Sitting not far from me at midnight mass recently was Humza Yousaf.
A few pews away was local politician Michael Marra, Labour MSP for North East Scotland.
Of the two, the Labour man is more likely to be celebrating this year when most wise men and women are predicting a huge general election win for his party.
Yousaf has inherited the SNP leadership at a grim time and there appears to be no sign of a star in the night sky signalling a path to any rebirth of their previous good fortunes.
Any party in power for 16 years falters in energy and ideas, and a malaise sets in which can be impossible to shake.
For those still yearning for independence, the SNP remains far and away the best route to achieving their aims, yet their once brightly shining star is on the wane and fading fast.
Whether their diminishing light becomes a distant speck in the political firmament or whether new life can be breathed into it remains to be seen, but the portents aren’t promising.
Problems coming thick and fast
The party have shambled into the New Year amid a host of problems and infighting.
The latest thorn in the side is the furore over Humza Yousaf’s request to Stagecoach co-founder Brian Souter to help organise a dinner with business leaders.
Patrick Harvie, co-leader of coalition partners the Greens, says the Scottish Government must be clear it “does not share the values” of Souter, adding to recent tensions within the partnership.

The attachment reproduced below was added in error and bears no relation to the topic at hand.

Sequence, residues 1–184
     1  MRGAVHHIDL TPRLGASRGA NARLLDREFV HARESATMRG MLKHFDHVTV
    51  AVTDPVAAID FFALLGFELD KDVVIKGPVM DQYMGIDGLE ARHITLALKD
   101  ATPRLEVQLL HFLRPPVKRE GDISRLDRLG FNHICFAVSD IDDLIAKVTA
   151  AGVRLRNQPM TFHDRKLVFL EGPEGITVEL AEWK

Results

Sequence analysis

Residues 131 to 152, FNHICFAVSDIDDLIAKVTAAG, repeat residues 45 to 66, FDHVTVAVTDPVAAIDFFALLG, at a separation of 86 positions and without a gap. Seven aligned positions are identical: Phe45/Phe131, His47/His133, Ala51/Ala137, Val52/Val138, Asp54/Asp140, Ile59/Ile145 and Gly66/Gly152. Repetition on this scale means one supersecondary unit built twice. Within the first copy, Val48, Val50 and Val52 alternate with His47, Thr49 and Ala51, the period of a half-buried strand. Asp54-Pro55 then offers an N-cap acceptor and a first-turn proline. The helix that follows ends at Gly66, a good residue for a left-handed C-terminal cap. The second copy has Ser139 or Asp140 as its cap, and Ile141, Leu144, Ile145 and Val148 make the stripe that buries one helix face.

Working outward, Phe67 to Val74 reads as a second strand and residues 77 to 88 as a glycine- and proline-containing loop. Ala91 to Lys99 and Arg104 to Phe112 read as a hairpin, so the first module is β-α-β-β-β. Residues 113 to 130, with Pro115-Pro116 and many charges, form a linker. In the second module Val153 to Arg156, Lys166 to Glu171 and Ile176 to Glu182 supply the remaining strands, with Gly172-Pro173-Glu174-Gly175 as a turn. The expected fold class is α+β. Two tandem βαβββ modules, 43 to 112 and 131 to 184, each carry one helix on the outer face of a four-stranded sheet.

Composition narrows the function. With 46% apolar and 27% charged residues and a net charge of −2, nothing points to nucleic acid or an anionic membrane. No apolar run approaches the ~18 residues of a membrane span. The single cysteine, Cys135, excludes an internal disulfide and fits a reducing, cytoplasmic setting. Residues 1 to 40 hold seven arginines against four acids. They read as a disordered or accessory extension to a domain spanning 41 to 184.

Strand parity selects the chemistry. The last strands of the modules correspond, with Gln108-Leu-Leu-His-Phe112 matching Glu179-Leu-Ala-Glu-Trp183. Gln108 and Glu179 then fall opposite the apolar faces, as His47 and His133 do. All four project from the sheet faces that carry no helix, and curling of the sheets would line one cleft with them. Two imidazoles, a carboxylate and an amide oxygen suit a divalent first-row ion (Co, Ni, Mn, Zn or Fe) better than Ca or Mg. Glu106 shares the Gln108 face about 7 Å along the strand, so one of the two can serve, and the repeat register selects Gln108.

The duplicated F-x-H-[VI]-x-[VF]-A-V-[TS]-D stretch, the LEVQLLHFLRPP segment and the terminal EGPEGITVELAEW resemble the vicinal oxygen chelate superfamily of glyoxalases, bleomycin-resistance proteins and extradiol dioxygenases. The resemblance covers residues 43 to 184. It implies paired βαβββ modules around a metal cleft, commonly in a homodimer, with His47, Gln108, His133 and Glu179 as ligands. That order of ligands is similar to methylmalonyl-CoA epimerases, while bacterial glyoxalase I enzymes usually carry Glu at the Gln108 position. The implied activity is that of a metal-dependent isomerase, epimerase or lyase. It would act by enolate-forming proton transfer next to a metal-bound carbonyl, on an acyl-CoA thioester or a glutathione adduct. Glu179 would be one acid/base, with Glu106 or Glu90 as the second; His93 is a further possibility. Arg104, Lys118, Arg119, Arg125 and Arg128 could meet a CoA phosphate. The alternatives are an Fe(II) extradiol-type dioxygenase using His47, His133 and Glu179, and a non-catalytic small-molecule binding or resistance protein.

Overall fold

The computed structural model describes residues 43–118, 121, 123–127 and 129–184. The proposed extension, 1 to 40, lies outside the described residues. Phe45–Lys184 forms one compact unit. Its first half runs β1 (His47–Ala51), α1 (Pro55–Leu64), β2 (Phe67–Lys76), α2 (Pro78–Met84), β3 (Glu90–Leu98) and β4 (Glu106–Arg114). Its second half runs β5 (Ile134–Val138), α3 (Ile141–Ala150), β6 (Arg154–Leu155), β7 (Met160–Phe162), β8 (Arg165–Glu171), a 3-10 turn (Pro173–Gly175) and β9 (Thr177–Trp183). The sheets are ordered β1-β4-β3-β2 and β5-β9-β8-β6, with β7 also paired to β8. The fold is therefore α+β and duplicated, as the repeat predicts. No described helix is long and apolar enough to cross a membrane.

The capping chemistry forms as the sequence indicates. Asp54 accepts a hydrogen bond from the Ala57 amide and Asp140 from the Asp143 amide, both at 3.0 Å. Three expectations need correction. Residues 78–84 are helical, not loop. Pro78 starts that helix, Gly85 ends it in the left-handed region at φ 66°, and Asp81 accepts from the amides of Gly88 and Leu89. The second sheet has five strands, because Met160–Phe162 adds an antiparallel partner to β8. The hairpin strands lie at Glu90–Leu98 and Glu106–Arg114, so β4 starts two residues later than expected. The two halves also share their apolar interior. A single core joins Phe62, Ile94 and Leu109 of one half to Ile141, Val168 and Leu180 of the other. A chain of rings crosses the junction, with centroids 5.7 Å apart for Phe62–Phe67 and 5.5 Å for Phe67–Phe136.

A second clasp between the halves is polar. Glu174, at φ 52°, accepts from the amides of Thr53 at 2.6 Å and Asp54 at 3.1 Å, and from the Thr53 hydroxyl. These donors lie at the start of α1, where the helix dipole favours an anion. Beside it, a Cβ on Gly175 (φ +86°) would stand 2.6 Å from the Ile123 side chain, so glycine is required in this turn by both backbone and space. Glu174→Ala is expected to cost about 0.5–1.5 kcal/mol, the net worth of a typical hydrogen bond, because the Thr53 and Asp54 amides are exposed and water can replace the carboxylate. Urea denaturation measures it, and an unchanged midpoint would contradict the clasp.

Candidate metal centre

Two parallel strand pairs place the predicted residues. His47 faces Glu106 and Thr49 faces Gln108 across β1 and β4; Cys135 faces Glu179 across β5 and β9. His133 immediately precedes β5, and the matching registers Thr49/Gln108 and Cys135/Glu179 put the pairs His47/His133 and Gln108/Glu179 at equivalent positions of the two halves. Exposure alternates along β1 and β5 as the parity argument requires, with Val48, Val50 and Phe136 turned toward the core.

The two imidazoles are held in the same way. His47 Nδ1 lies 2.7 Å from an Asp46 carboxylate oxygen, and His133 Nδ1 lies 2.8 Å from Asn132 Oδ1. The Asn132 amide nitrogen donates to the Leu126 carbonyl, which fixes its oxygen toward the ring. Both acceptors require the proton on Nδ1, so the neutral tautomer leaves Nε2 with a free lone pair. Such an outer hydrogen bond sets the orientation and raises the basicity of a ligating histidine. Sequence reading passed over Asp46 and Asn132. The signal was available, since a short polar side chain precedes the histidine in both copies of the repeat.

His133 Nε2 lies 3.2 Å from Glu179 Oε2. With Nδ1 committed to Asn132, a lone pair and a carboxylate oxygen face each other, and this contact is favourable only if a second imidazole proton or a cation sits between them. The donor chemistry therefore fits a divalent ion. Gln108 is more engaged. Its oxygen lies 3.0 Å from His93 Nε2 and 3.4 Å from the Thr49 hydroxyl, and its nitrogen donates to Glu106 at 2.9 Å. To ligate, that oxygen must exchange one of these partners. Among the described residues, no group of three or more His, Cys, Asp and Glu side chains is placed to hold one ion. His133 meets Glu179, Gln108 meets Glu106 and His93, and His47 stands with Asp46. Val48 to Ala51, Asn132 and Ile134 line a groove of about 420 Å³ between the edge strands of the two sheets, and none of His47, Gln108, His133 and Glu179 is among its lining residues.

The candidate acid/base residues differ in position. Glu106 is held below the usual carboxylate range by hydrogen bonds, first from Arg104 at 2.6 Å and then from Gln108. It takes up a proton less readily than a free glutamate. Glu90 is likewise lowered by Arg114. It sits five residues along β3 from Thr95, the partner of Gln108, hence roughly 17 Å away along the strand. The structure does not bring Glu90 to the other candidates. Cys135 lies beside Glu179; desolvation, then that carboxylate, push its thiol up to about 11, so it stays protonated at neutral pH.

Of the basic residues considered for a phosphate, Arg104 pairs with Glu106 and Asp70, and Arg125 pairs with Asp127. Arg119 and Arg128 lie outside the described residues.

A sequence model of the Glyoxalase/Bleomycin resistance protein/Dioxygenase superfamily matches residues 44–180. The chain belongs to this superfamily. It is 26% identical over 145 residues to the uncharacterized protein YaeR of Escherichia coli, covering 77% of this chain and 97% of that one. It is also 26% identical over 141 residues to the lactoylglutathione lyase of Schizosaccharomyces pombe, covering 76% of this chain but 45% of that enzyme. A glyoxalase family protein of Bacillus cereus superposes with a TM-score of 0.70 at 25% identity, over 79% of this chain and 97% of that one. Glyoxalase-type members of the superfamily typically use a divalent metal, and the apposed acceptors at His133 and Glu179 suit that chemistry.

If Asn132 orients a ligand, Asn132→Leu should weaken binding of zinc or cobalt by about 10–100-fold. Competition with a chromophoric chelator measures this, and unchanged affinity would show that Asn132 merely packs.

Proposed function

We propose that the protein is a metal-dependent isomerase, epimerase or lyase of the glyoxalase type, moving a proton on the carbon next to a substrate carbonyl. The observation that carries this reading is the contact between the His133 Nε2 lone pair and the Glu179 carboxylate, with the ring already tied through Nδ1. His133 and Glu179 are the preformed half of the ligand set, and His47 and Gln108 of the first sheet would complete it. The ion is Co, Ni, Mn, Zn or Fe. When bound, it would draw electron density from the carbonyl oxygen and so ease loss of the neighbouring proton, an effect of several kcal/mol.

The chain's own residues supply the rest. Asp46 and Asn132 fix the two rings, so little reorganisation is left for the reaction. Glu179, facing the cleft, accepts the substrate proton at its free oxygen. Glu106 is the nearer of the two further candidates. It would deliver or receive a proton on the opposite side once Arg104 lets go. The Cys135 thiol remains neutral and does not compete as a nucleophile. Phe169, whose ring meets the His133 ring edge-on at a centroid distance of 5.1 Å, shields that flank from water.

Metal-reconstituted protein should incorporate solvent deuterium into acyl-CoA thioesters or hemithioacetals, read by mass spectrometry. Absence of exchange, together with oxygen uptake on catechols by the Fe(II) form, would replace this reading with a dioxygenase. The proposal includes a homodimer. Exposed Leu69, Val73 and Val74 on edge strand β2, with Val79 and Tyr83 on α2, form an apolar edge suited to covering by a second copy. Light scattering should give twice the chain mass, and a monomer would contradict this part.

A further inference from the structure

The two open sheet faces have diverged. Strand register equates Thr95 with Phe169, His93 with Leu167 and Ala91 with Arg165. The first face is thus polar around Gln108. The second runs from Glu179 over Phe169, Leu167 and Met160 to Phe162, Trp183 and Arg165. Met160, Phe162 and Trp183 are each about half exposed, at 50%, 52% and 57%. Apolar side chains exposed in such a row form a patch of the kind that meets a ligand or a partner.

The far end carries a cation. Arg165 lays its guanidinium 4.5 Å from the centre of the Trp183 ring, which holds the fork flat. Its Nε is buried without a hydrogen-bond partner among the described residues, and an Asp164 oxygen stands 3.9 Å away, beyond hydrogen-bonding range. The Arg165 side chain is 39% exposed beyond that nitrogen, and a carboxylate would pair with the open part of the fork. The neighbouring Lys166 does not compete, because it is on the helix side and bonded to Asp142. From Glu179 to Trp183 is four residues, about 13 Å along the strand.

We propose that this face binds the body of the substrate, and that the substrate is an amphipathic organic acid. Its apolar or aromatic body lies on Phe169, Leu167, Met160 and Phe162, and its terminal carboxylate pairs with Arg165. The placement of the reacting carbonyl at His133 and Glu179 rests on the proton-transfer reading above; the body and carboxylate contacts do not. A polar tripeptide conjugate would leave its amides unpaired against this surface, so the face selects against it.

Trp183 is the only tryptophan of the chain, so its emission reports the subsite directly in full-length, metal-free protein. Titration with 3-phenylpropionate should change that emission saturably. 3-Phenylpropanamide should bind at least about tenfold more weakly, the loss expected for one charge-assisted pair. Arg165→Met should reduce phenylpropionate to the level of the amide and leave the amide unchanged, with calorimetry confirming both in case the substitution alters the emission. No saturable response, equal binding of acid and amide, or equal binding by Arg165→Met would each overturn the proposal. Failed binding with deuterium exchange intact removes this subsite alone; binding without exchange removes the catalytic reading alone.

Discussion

With the SNP financially impoverished, Perth tycoon Souter has undoubtedly been courted in the hope that he might come into the fold bearing gifts.
But even if he does make a donation to the cause, it won’t stem the flow of bad blood internally or the sense of betrayal among many supporters.
When Yousaf was handed the leadership crown, he surely never expected it to be so full of thorns, but his problems are coming thick and fast and without mercy.
MP Tommy Sheppard added to the leader’s woes recently, declaring the debate on independence stops if the party lose the next election.
That echoed Pete Wishart MP’s claim last May that independence was off the agenda in the event of election defeat.
Many supporters feel they’re being strong armed into settling for permanent devolution instead of revolution, and I think they’re probably right.
Mhairi Black, SNP MP for Paisley and Renfrewshire South, has upset her Westminster colleague Joanna Cherry by claiming too many SNP MPs are too comfortable in London.
Cherry has demanded an apology from her fellow MP, who nationalists once hoped would be a scourge of the Westminster establishment, but who has decided instead to stand down at the next election.
Party stance on XL Bully dogs ‘barking’
Elsewhere, the party stance on XL Bully dogs appears to be barking; on the one hand they don’t want to ban them in Scotland while telling owners south of the border not to bring their dogs up here despite there being no current law against it.
And Humza Yousaf has been accused of fantasy economics after saying Scots would all be £10,200 a year better off with independence.
Rumbling in the background, as arguments and distractions pile up daily, there’s Michael Matheson’s bill for £11,000 for data roaming charges on his government iPad while abroad.
And there’s also the small matter of Operation Branchform, the ongoing investigation into SNP finances and funding, launched in July 2021 amid claims that £660,000 raised to fight a second independence referendum was spent elsewhere.
As he celebrated Christmas mass, Humza Yousaf must’ve hoped the New Year would bring good cheer.
I fear he’ll be disappointed.